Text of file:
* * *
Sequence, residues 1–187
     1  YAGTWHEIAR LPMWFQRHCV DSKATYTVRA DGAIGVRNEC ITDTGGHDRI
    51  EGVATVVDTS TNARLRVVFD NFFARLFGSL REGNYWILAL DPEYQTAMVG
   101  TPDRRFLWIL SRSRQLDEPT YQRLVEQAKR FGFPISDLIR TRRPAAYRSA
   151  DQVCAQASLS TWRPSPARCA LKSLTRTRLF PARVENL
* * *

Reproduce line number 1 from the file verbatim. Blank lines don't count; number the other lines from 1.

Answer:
Sequence, residues 1–187